Hunter moves these people through the plot with a confident joy that really comes through on the page. She revels in the details, works in the peaks and valleys, and maintains the balance between explanation and action like a true pro. And those action scenes are incomparable. They move so well, so effortlessly that it’s past your bedtime before you know it, and you’ll still want another chapter. She also has a way with a twist, keeping you off balance until she reveals the true connection between Sanne and the case at hand…

The full review can be found here.

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ishinnieFrom new books to forthcoming ones, as Scott Campbell has been teasing his Facebook followers with extracts from his forthcoming novel, Ishinnie.

I could almost see her heart breaking while she stood at our breakfast bar staring out into the clouds, looking for sense in life, to understand why we could be blessed with so much love and stripped of it in the same breath.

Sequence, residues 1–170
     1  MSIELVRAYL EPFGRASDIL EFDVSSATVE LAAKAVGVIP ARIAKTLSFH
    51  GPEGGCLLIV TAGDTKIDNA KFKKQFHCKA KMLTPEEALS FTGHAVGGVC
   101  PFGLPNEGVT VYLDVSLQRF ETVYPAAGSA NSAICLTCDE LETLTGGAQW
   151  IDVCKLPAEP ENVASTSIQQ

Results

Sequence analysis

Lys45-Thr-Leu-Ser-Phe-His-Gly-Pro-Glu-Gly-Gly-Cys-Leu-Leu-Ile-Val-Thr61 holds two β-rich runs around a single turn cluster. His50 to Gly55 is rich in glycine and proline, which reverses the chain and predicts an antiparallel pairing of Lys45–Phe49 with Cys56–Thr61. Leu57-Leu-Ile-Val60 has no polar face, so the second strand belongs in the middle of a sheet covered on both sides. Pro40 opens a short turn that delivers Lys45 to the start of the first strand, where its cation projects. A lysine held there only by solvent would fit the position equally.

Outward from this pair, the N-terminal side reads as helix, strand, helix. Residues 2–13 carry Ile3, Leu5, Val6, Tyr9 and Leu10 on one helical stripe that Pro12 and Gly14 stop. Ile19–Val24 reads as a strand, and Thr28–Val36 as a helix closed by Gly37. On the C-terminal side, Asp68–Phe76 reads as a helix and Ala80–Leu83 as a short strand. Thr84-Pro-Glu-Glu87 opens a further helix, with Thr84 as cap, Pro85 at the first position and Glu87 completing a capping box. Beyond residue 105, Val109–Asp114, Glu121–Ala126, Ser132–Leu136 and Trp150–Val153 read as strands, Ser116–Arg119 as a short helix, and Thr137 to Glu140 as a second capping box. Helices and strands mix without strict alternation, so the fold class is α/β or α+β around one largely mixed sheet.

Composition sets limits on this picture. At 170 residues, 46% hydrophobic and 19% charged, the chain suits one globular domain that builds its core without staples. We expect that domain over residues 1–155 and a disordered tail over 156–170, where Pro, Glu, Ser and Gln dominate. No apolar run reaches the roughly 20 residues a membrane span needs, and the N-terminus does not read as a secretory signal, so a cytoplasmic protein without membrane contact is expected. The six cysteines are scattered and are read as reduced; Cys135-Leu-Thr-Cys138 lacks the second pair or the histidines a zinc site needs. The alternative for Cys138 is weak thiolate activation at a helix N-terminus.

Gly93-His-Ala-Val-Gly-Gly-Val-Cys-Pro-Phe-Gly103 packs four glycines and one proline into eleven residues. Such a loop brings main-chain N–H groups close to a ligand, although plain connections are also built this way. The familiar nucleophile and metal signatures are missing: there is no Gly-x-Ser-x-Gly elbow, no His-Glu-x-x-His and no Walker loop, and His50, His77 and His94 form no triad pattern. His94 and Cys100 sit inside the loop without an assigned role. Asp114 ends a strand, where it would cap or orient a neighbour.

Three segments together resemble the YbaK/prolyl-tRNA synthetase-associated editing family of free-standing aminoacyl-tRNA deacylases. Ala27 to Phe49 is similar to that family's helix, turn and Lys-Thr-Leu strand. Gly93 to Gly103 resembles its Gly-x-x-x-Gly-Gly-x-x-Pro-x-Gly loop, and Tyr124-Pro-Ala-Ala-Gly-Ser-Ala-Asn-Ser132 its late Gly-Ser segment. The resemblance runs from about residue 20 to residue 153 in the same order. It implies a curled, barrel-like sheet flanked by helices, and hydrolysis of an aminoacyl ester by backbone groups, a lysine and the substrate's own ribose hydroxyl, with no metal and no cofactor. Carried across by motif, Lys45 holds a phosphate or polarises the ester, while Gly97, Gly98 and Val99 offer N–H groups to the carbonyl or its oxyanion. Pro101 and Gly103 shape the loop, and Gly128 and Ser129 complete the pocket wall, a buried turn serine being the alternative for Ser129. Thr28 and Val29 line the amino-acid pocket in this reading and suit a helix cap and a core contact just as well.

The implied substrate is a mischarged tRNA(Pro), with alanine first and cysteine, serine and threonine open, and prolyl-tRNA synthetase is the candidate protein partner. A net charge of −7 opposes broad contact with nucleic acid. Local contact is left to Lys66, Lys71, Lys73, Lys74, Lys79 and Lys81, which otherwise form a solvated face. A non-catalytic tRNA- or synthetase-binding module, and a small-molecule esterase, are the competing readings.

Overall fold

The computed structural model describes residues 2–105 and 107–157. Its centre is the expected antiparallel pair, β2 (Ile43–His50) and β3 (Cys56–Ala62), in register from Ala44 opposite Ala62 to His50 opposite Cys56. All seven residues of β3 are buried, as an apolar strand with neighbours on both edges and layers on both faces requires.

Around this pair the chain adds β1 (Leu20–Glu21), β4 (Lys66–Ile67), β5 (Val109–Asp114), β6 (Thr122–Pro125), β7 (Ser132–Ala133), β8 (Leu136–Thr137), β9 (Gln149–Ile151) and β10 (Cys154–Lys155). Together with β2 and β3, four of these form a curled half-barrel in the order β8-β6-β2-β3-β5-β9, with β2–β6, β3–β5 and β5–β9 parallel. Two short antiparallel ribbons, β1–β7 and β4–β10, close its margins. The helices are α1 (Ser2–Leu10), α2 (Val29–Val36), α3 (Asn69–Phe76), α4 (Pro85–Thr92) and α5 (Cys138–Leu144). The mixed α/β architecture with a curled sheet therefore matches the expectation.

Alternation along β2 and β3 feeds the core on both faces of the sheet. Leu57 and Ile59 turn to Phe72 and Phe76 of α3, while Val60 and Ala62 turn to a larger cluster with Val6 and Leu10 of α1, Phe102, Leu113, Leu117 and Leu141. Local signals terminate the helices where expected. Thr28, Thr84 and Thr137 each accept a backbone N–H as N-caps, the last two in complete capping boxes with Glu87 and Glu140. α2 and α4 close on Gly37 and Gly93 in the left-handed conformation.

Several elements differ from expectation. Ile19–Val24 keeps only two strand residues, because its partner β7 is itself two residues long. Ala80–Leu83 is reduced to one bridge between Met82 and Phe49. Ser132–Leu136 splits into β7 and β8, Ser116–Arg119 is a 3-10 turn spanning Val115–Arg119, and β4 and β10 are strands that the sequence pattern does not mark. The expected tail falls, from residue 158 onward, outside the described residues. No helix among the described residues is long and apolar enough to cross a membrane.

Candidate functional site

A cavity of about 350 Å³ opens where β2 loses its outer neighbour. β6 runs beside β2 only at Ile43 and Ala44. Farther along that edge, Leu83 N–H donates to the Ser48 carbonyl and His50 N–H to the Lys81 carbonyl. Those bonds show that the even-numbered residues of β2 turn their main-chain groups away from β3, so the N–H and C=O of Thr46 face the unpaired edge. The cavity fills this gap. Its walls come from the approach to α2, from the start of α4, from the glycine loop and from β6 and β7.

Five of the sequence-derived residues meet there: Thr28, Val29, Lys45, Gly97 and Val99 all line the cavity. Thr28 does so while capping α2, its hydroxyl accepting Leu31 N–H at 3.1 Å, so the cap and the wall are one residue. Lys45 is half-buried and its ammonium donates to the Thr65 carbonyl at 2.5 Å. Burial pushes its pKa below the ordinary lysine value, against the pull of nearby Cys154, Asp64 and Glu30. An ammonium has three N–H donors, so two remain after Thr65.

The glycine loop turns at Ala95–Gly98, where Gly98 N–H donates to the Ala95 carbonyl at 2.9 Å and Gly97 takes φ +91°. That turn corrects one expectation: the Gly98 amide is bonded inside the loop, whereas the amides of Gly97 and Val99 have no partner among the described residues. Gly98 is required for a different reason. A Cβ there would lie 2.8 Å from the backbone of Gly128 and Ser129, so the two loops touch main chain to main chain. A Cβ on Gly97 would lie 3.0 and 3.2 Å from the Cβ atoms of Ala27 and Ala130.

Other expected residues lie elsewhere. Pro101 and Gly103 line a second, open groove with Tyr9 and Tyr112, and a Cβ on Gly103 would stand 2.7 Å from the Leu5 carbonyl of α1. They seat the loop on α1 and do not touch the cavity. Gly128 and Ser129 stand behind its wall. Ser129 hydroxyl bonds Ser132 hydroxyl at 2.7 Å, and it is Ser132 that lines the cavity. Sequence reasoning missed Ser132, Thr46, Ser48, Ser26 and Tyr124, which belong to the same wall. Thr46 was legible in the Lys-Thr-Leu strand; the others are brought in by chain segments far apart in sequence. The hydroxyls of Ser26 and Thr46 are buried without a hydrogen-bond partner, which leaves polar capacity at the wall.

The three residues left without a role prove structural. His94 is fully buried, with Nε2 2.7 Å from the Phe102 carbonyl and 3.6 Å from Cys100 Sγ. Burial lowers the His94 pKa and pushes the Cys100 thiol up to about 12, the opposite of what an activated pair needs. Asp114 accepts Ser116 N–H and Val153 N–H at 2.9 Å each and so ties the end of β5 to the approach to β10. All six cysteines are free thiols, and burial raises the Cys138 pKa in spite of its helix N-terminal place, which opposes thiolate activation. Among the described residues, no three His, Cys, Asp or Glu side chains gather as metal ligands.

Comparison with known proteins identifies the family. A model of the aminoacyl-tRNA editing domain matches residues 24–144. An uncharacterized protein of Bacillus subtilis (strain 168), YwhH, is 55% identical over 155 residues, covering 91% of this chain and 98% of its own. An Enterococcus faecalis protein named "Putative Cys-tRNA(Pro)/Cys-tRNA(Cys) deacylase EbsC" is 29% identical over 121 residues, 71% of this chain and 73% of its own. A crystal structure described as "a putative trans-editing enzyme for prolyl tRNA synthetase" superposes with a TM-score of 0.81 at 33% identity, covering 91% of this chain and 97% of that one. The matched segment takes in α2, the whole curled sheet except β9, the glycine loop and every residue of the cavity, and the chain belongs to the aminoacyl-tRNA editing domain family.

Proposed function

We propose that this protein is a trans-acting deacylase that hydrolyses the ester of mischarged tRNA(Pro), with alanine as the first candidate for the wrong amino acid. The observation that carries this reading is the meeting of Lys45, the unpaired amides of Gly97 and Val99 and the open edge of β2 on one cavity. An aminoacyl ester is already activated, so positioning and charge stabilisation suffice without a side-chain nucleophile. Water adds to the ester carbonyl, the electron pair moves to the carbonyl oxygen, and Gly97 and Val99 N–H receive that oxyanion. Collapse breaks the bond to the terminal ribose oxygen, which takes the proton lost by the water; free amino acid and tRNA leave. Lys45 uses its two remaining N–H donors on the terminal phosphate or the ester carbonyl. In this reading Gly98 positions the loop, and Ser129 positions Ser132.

She turned her eyes, met mine, and I swallowed hard. She had never been more breath-taking or more beautiful than she was in that moment, with tears unabashedly wetting her cheeks, and the sun golden through her red hair. She was my perfect love.
 Apparently, the book is due out “very soon,” so more on this when we have it.

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Hopping on to events, and Bold Strokes author, Anna Larner – whose debut Highland Fling is scheduled for release in April – will be presenting a paper discussing the “Permutations of Lesbian Love in Popular Fiction,” at the Lesbian Lives conference in Brighton on Friday 24th February. For more information about the event, head to the official page.

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underparrAndrea Bramhall is planning a launch party for the second part of her Norfolk Coast Investigation series, Under Parr. The event will be held on the 13th of May 2017 at Deepdale Backpackers and Camping, from 5pm to 9pm. There will be a short reading from the novel, and there’s an open invitation for interested folks.

If you are one of those interested folks, then you can find more information here at the event’s Facebook page.